Insertion of Port-A-Cath
It has been determined that you require a special IV to be placed for your chemotherapy treatments. This IV is surgically implanted with the tubing going into a vein underneath the collar bone. The port itself is a titanium box; it will not set off metal detectors. The chemotherapy is given through that box.
This is a fairly straight forward procedure. Anatomy is very consistent. A needle will be placed under the collarbone to access the vein. Once thatís done there are a series of maneuvers to place the IV.
FYI: There are two other structures to keep aware of while doing this procedure. One is an artery, which is not as big a deal as the most important structure down there which is the lung. There is always a risk of puncturing the lung while doing this procedure, no matter how experienced the surgeon.
Hereís what to expect:
Morning of surgery:
Please check-in at the place and time Patricia has asked on your registration sheet.
Once checked-in, you will be taken to a pre-op room and asked to change into a hospital gown. Your family can stay with you. We ask that you limit the number of family members as the rooms cannot accommodate a large crowd. Your family can keep your clothing or it can be placed in a locker for safe keeping. A nurse will check your vital signs and go over important medical history.
You will see me prior to the surgery and have an opportunity to ask any additional questions that you may have.
A nurse or an anesthesiologist will start an IV. In some cases, a sedative will be given to relax you prior to going to the operating room. Once you have been taken to the operating room, your family is to go to the waiting room until your surgery is completed.
In the operating room:
Once in the operating room, you will be transferred to the operating table. In the room, there are key personnel including the circulating nurse, a scrub tech, anesthesiologist, and myself. Several monitors will be connected to watch your vital signs during the procedure. Once all that is complete, you will be given anesthesia to go to sleep. The average duration of this procedure is 30-40 minutes.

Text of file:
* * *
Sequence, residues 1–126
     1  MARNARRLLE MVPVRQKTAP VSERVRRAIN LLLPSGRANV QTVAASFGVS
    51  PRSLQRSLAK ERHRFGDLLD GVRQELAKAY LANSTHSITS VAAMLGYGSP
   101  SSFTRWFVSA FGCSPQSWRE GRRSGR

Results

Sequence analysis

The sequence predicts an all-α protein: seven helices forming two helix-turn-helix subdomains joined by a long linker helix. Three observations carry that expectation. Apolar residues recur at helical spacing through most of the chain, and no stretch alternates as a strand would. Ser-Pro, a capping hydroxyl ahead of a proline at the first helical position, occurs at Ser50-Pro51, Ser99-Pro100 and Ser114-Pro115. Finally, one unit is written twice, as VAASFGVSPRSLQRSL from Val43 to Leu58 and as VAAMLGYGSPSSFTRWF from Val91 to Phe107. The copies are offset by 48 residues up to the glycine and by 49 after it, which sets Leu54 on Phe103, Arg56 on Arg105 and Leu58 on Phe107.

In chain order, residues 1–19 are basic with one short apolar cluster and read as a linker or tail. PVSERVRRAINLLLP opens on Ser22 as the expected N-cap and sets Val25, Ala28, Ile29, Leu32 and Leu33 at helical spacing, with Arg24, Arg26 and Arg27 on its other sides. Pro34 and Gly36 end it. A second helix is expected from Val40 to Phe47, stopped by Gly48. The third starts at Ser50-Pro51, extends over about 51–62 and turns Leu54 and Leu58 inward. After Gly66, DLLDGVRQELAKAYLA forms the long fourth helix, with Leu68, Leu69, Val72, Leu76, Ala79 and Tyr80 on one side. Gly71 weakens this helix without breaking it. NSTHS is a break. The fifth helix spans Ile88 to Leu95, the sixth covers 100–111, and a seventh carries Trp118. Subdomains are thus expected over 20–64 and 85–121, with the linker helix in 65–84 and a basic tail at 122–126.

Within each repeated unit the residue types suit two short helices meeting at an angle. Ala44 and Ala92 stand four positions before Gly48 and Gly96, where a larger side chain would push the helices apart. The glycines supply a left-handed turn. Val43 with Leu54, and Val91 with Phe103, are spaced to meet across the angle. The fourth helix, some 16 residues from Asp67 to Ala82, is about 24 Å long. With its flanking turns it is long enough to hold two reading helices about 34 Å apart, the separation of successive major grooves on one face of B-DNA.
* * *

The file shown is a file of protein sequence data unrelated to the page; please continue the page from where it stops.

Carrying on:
Once your surgery has been completed, you will be taken to the recovery room and I will let your family know your surgery is done. You will spend approximately one hour in the recovery room, sometimes less, sometimes a bit more, depending on how you metabolize the medications given to you.
When you are awake, the nurse will help you get dressed and transfer you to the discharge area. At that time, your family will be called to come and sit with you. You may be given some juice, soda, or crackers or assisted to the rest room if necessary.
Your discharge instructions will be given to you as well as any prescription for pain medication that I may have written.
Once you go home:
Expect to be a bit groggy for a while. I ask that you do not drive a car or operate any machinery that day. You will have no other restrictions as far as your diet or activity.
Sometimes, the anesthesia can make you a bit nauseous. Donít be alarmed, that usually resolves by the next day.
This procedure may be more painful than your breast surgery as instead of removing tissue, we are inserting a device. You may take Tylenol, Advil, Aleve, or any other over the counter pain medication as before f you like. The prescription is for a narcotic and is stronger just in case you need it. If you do not have pain, you do not need to take any prescription medication.
If you will be receiving your first chemotherapy treatment within 48 hours, I may leave the first needle in place with a bulky bandage. Keep that in place and dry until after you have received your treatment. The bandage must be removed in order to receive the treatment but after the treatment is completed, you may leave it uncovered and shower as usual. Leave the steri-strips on and they will peel on their own.
If you will not be receiving your first chemotherapy treatment within 48 hours, please remove your bandage the day after surgery and you may shower. Under the bandage you will again see steri-strips. Leave those alone, they will start to peel off over the following 7-10 days and you can eventually peel them off without harming the incision.
It wonít always be necessary for me to check the incision after surgery as you will be going to your oncologistís office and they can let me know if there is a problem. Of course, if you are unsure of anything at any time, please call the office.
Thank you for allowing me to participate in your care. It means a great deal to me and my staff that you would trust us with such an important matter.
Should you have any questions, please do not hesitate to contact the office or staff.
Dr. Arlene Ricardo